One of the mysteries of the English language finally explained.
- ‘From shopping receipts to hankies, napkins to the tiniest scraps of paper became handy as they literally mobbed the Hyderabadi beauty for her signature.’
- ‘What you do is take a pound coin, place it in the middle of a handkerchief and then twist around the rest of the hanky until it looks like a jellyfish, with the coin being its small, concealed head.’
- ‘She had on long white gloves and a feather boa, as she sauntered onto the scene clutching her handkerchief she pretended to faint, and drop the hankie.’
- ‘You know the glass with the stupid hanky inside it?’
- ‘There are always mums in the audience wiping their eyes with hankies.’
- ‘If you ever see a man having his hair combed by his mother or his face wiped with a hanky, despite the fact that he's 38, that's Cancer man.’
- ‘I was brought up to cover my mouth when I had a cough and use a hanky when sneezing.’
- ‘A last minute purchase from a vendor at Shakthan Bus Stand, two days before he flew down to Abu Dhabi, the hanky had lost all shape and most of its colour, but it still had a sticker with a Thrissur address.’
- ‘‘Roit,’ said Ladder Man, scraping a hanky over his face to wipe the sweat out of his eyes, ‘you know the lot at number 8?’’
- ‘More than once, I had to pull out my hanky and wipe my eyes after doubling over from laughter.’
- ‘The McCartney sisters would have gone up to Stormont or Hillsborough and Mo Mowlam would have lent them a hanky to dry their eyes with and gone back inside to discuss the way forward with Martin McGuinness.’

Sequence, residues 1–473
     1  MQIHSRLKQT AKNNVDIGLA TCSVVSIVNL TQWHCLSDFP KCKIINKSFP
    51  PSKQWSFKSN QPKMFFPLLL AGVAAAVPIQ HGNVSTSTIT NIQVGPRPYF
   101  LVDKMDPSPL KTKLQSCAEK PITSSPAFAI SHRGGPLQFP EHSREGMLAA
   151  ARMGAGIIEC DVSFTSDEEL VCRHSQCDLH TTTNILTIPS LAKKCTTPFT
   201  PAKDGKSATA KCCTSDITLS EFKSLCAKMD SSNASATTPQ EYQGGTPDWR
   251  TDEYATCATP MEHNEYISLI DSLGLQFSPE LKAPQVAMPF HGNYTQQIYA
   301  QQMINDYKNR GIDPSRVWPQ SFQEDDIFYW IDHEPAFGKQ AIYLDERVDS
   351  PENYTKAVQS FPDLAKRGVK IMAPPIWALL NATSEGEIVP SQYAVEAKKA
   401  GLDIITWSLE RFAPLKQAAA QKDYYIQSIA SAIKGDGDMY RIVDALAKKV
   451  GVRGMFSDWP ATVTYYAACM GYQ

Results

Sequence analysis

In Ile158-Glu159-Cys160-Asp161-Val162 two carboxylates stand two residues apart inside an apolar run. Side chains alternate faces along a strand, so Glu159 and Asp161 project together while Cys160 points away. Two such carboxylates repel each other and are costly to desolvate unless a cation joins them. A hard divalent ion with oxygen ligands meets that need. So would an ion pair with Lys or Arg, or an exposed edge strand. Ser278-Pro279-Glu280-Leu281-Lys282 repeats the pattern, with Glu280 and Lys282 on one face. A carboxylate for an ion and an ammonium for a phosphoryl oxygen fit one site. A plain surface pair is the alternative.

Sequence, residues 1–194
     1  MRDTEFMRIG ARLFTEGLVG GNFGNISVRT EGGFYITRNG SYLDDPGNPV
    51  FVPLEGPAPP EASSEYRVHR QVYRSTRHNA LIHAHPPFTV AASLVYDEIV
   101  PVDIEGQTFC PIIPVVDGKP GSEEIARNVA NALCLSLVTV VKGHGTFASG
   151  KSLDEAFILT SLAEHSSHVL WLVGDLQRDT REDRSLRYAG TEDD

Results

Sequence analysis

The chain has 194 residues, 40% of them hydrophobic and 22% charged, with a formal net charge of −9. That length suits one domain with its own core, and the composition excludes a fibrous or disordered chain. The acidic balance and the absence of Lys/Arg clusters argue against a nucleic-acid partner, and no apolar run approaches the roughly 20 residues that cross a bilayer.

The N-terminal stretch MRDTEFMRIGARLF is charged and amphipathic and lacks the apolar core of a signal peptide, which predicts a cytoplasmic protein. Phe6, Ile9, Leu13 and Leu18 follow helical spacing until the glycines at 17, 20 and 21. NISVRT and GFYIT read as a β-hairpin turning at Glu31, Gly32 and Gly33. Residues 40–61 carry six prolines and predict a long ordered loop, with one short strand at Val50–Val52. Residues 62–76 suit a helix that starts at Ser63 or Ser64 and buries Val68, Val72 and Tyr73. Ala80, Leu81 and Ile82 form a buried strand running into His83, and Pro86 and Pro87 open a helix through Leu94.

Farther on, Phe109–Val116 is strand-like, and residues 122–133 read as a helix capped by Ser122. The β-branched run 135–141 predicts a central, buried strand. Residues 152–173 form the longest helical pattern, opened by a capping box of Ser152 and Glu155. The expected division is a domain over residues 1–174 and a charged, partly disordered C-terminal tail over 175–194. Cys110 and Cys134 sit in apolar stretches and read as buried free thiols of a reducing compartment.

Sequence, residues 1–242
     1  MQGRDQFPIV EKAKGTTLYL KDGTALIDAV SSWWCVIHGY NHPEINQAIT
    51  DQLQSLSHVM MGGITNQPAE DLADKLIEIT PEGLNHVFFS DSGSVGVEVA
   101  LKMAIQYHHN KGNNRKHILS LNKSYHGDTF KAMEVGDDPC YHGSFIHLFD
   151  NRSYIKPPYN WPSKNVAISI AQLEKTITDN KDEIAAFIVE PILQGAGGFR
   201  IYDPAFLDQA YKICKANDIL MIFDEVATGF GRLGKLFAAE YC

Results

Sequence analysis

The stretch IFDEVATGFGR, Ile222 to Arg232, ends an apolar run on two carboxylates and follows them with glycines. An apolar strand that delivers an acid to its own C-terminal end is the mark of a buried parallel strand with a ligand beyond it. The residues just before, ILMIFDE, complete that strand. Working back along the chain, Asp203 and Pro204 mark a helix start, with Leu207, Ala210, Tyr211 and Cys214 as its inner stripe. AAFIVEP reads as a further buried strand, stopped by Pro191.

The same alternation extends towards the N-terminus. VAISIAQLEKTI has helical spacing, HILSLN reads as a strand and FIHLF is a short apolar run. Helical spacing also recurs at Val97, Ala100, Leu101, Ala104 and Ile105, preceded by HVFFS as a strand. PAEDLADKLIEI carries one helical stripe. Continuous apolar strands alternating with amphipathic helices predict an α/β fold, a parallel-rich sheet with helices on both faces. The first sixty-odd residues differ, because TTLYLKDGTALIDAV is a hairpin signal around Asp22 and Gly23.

- ‘Here inside, a pool of TV and still cameras watched the families with an unblinking but compassionate eye - catching President George W. Bush pass a hanky to the young son of commander Husband.’
- ‘Has the hanky joined the gold Albert and the gentleman's sovereign-case, objects surviving only as props in The Forsyte Saga and The Importance of Being Earnest?’
- ‘I've worked my way through heaps of tissues and oversized hankies.’
- ‘Gone are the handkerchief codes of the seventies, where a hankie in the left pocket indicated a guy was a top, and the right indicated a bottom.’
- ‘All you will be left with are hankies to wipe your tears.’
- ‘I had a hanky in my pocket and I started to mop the port up so it wouldn't stain his trousers.’
- ‘Rumour has it that he nearly choked, but he noticed that a dark ring of dirt developed on the other side of the hanky and went on to develop the first machine.’
- ‘Are you wiping your screen with a hankie, unsure you read that right?’
- ‘Senator William Evatts who was noted as a long speaker was making his speech and dragging it out as usual when he stopped for a moment to sneeze, the boy thinking it was over waved the hankie and Bartholdi pulled the cord to release the flag.’
Late 19th century: abbreviation.
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